The Federal Circuit Court has the authority to review a decision to ensure it’s made in accordance with the law, specifically checking for any jurisdictional errors.
Although the Federal Circuit Court operates independently from the Department of Immigration and Border Protection’s decision-makers, it doesn’t assess the merits of individual visa applications, but is an avenue for review if you believe a decision was not made in accordance with the law.
What can the Federal Circuit Court review?
The Federal Circuit Court of Australia has the authority to review certain decisions made under the Migration Act 1958, which includes those made by the Minister for Immigration and Border Protection as well as the Administrative Appeals Tribunal.
If the Court detects a jurisdictional (legal) error, it can send the case back to the original decision-maker and stop the Minister from acting based on that decision.
However, the Court will not re-evaluate the details and rationale behind the visa application or issue a visa itself. It also won’t consider new factual information unless it’s pertinent to determining if the decision-maker made a jurisdictional error.
How we advocate for you
At NB Migration, our immigration lawyers are experienced in providing representation in cases before the Federal Circuit Court.
Please note that a review application must be submitted within 35 days from the date of the migration decision, and it’s usually required to make an additional visa application.
We invite you to schedule a complimentary initial consultation if you’re interested in exploring how we can help with your case.
Reach out to NB Migration today to discuss your circumstances.
The Federal Court of Australia
Under certain conditions, a migration issue might be escalated to the Federal Court of Australia. It’s important to note that this differs from Federal Circuit Court proceedings.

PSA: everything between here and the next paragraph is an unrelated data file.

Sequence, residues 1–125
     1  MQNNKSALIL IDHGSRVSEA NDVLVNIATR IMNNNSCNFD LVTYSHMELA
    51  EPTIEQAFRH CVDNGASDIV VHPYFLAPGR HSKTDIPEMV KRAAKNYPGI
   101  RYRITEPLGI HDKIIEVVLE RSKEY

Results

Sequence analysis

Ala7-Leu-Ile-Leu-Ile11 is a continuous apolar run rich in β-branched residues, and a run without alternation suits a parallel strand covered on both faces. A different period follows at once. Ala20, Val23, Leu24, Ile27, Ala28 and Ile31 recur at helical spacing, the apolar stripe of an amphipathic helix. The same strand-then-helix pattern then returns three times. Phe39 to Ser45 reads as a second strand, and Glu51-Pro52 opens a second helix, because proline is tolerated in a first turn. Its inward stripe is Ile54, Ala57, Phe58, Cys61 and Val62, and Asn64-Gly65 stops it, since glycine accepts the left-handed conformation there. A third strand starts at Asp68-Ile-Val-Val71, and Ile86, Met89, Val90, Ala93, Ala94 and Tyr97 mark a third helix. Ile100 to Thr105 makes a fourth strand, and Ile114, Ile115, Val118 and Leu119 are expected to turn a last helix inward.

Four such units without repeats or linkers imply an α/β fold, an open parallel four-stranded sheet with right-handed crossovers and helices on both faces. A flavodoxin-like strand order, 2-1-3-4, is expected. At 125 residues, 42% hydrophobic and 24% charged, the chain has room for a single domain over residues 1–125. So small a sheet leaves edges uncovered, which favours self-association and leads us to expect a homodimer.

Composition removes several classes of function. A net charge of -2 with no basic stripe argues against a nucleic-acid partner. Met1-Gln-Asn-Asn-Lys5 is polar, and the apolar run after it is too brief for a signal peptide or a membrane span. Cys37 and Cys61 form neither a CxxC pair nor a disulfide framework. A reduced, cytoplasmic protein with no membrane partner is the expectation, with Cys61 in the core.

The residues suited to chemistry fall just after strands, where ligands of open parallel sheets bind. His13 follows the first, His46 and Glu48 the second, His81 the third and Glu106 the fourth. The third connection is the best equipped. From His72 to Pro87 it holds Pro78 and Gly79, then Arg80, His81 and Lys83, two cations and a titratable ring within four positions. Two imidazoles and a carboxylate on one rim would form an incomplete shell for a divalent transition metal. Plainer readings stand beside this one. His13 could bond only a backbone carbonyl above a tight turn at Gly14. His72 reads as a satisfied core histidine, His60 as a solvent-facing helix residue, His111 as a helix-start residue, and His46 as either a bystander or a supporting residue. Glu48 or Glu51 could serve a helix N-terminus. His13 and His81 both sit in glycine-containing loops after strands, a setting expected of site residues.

A decision in which the Federal Court may exercise its jurisdiction includes the suspension, cancellation, revocation or refusal of a visa and also situations where there is a failure or refusal to make a decision.
The Federal Court of Australia doesn’t reassess the merits of a migration decision. However, it can determine whether a jurisdictional error influenced the migration decision. Such errors might include the decision-maker focusing on an incorrect issue, posing an inaccurate question, overlooking pertinent information, depending on irrelevant data, or misapplying the law to the facts in a way that impacts their authority.
Similar to applications to the Federal Circuit Court, if you wish for the Federal Court to review a migration decision, your application must be submitted within 35 days from the date of the original migration decision. Additionally, you may need to make another visa application.
What power does the Federal Court have?
Under to the Migration Act 1958, the Federal Court is granted original jurisdiction regarding a migration decision in several scenarios. These include instances where the Federal Circuit Court transfers an ongoing proceeding related to the decision to the Federal Court.
It also has jurisdiction over what is called a privative clause decision, or what appears to be such a decision. The same applies if the Minister personally makes a privative clause decision.
A privative clause is a legal measure designed to make certain decisions immune from judicial review. The Federal Court has jurisdiction in certain circumstances to ensure that judicial errors have not been made.
The Federal Court holds jurisdiction in instances where the Administrative Appeals Tribunal Act 1975 provides it with such powers over the decision.